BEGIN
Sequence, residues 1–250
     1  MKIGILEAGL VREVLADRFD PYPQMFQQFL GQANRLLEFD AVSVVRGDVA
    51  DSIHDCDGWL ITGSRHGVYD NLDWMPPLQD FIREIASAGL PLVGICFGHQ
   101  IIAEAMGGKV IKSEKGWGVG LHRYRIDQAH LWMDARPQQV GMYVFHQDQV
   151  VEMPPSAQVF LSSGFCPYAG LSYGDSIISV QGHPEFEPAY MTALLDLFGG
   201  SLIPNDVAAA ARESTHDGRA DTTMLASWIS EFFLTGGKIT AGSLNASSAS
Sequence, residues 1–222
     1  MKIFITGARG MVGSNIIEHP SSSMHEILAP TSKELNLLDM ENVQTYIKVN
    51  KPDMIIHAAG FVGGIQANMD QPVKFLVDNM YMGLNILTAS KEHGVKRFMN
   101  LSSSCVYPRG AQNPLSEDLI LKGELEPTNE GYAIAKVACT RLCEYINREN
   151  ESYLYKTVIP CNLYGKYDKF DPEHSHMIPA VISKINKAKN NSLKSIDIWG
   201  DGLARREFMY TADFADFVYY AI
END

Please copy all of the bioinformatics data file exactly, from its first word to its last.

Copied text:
Sequence, residues 1–250
     1  MKIGILEAGL VREVLADRFD PYPQMFQQFL GQANRLLEFD AVSVVRGDVA
    51  DSIHDCDGWL ITGSRHGVYD NLDWMPPLQD FIREIASAGL PLVGICFGHQ
   101  IIAEAMGGKV IKSEKGWGVG LHRYRIDQAH LWMDARPQQV GMYVFHQDQV
   151  VEMPPSAQVF LSSGFCPYAG LSYGDSIISV QGHPEFEPAY MTALLDLFGG
   201  SLIPNDVAAA ARESTHDGRA DTTMLASWIS EFFLTGGKIT AGSLNASSAS
Sequence, residues 1–222
     1  MKIFITGARG MVGSNIIEHP SSSMHEILAP TSKELNLLDM ENVQTYIKVN
    51  KPDMIIHAAG FVGGIQANMD QPVKFLVDNM YMGLNILTAS KEHGVKRFMN
   101  LSSSCVYPRG AQNPLSEDLI LKGELEPTNE GYAIAKVACT RLCEYINREN
   151  ESYLYKTVIP CNLYGKYDKF DPEHSHMIPA VISKINKAKN NSLKSIDIWG
   201  DGLARREFMY TADFADFVYY AI